Site to site VPN between pfSense and DD-WRT

I’ve been trying to establish a site-to-site VPN connection between my house and my parents’ for a couple years now. Each time I try I become frustrated and eventually give up. No longer! I’ve finally gotten a site to site VPN working between my pfSense router and my parents’ Netgear Nighthawk R8000 running DD-WRT v3.

It was quite the undertaking for me to get these two systems talking. I drew a lot of inspiration from here. In order to get this to work you need to keep these things in consideration:

  • Protocol, port, device type, encryption cipher, hash algorithm, TLS authentication, and certificate settings all need to match
  • VPN IP addresses need to be assigned to both the server and the client
  • Routes for each network need to be established on both devices
  • Firewalls need to be configured to allow traffic to/from each network through the VPN tunnel

I used the following settings to get things working between these two devices:

OpenVPN Server (pfSense)

If you haven’t already, generate a certificate authority and server certificate. Do this in System / Cert Manager and click Add. When generating the certificate make sure the Certificate Type is Server Certificate.

General

  • Server mode: Peer to Peer (SSL / TLS)
  • Protocol: UDP
  • Device mode: tap

Cryptographic settings

  • Enable authentication of TLS packets: checked
  • Automatically generate a shared TLS authentication key: checked
  • Peer certificate authority & Server Certificate:  Select appropriate CA / certificate from the dropdowns here
  • DH Parameter length: 2048
  • Encryption algorithm: AES-256-CBC
  • Auth digest algorithm: SHA256 (256 BIT)
  • Certificate depth: One (Client + Server)

Tunnel Settings

  • IPv4 Tunnel network: Enter a unique (not existing on either netwonk) network here in CIDR format, ex 10.1.1.0/24
  • Ipv4 Local Network(s): Enter the networks you would like the remote network to access
  • IPv4 Remote Network(s): Enter the networks you would like the local network to access
  • Compression: Enabled with Adaptive Compression

Advanced Configuration

Optional? I found that for some reason the routing table wasn’t properly populated with the remote network on my pfSense server. I added a custom option to take care of that:

route <remote network> <remote subnet mask> <remote VPN IP>

In my example it ended up being “route 192.168.98.0 255.255.255.0 10.54.98.2”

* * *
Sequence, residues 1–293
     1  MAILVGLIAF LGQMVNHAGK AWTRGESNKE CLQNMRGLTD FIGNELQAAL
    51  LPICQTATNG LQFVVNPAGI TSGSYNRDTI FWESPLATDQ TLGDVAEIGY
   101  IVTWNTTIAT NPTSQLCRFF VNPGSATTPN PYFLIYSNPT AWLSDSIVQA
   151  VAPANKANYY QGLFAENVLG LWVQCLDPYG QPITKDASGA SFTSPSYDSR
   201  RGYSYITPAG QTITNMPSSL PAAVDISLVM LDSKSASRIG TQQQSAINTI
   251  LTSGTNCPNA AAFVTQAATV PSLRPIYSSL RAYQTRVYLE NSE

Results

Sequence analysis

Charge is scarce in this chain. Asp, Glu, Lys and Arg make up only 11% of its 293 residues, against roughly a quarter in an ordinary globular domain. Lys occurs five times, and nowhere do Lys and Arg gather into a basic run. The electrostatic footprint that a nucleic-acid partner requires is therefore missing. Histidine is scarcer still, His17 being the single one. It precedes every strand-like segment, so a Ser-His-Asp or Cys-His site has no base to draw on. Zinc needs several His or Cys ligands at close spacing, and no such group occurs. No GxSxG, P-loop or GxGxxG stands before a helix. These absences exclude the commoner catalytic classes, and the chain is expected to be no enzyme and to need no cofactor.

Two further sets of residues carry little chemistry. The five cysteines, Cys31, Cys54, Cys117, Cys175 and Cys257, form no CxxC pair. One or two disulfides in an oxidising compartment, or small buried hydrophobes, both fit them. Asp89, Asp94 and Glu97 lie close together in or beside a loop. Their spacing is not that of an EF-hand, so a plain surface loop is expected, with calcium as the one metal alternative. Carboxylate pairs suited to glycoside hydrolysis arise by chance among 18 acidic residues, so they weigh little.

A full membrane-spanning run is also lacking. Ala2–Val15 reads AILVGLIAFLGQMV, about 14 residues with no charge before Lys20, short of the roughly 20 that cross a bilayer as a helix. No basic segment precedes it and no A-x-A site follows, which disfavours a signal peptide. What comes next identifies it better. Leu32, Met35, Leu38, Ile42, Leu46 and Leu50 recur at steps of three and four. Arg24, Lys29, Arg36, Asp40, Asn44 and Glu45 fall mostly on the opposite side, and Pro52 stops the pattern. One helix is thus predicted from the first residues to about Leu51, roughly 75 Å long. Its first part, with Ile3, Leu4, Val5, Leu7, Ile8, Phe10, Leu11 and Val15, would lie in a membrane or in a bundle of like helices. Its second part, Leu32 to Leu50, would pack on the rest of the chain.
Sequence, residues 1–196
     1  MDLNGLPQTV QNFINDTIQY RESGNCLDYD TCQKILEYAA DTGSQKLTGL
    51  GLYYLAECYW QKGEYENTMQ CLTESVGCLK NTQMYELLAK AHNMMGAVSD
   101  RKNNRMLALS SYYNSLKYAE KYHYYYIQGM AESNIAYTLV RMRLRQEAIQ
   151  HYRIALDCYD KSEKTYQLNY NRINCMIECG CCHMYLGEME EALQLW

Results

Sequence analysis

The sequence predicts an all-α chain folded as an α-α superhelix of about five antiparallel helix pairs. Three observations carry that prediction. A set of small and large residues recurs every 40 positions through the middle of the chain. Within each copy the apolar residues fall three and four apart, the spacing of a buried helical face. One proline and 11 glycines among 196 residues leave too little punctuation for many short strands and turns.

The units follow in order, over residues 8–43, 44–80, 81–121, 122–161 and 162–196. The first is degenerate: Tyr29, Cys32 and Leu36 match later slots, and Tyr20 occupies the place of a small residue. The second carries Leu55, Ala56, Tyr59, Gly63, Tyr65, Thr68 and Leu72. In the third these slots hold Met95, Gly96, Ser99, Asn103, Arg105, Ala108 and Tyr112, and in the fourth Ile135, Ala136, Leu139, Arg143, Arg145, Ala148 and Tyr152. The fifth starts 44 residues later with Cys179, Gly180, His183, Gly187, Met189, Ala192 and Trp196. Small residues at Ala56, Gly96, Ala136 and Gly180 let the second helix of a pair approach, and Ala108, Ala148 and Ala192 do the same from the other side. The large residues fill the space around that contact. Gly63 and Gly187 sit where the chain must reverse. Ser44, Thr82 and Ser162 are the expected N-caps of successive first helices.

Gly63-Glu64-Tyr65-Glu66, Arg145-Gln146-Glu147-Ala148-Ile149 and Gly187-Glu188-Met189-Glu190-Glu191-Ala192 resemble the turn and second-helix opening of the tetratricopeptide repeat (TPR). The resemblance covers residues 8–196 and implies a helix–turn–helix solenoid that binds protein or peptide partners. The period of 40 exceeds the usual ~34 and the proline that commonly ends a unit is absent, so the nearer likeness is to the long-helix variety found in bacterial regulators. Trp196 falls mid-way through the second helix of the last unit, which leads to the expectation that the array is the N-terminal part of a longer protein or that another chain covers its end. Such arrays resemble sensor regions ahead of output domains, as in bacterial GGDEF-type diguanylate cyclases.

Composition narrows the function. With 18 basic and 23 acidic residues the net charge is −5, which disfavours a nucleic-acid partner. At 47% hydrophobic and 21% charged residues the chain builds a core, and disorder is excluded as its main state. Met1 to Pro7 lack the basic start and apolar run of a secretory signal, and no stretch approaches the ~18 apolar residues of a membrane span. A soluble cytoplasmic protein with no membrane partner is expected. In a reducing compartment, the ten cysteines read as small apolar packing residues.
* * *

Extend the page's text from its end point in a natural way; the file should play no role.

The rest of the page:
Key export

You will need to export the Certificate Authority certificate as well as the client certificate & private key files for use with dd-wrt. Do this by going to System / Cert Manager. There are little icons to the right of the certificates where you can click to download them.

Export the CA certificate as well as both the certificate and key from whatever was specified in the Server Certificate section from the above OpenVPN configuration.

OpenVPN client (dd-wrt)

Go to Services / VPN and look for the OpenVPN Client section

  • Start OpenVPN Client: Enable
  • Tunnel Device: TAP
  • Tunnel Protocol: UDP
  • Encryption cipher: AES-256 CBC
  • Hash Algorithm: SHA256
  • User Pass Authentication: Disable
  • Advanced Options: Enable
  • LZO Compression: Adaptive
  • NAT: Enable
  • Firewall protection: Disable
  • Bridge TAP to br0: Enable
  • TLS Auth Key: <Paste the contents of the “Key” section under pfSense’s Cryptographic settings area of the OpenVPN server configuration>
  • CA Cert: <Paste contents of downloaded CRT file from pfsense’s CA>
  • Public Client Cert: <Paste contents of downloaded CRT file from pfsense’s certificate section>
  • Private Client Key: <Paste contents of downloaded .key file from pfsense’s certificate section>

IN THEORY this should be all that you have to do. The tunnel should establish and traffic should flow between both networks. Sadly it wasn’t that simple for my setup.

Troubleshooting

One-way VPN

After setting up the tunnel I saw everything was connected but the traffic was unidirectional (remote could ping local network but not visa versa.)

On the pfsense router, I ran

netstat -r | grep 192.168

(change the grep to whatever your remote network is)

I noticed that there were no routes to the remote network. To fix this I appended a server option in the OpenVPN server config (adjust this to match your networks)

route 192.168.98.0 255.255.255.0 10.54.98.2

Blocked by iptables

Adding the route on the server helped but things still weren’t getting through. I enabled logging on the DD-WRT side, consoled into the router, and ran the following:

watch -n 1 "dmesg | grep 192.168.98"

This revealed a lot of dropped packets from my OpenVPN server’s network. After a lot of digging I found this forum post that suggested a couple custom iptables rules to allow traffic between the bridged network and the OpenVPN network (adjust interface names as necessary)

iptables -I FORWARD -i br0 -o tap1 -j ACCEPT 
iptables -I FORWARD -i tap1 -o br0 -j ACCEPT

This doesn’t survive a reboot, so you’ll want to enter those two commands in the Administration / Commands section of the dd-wrt web configuration and click “Save Firewall”

Success

Finally, after a custom routing rule on the pfsense side and a custom iptables rule on the dd-wrt side, two way VPN has been established!

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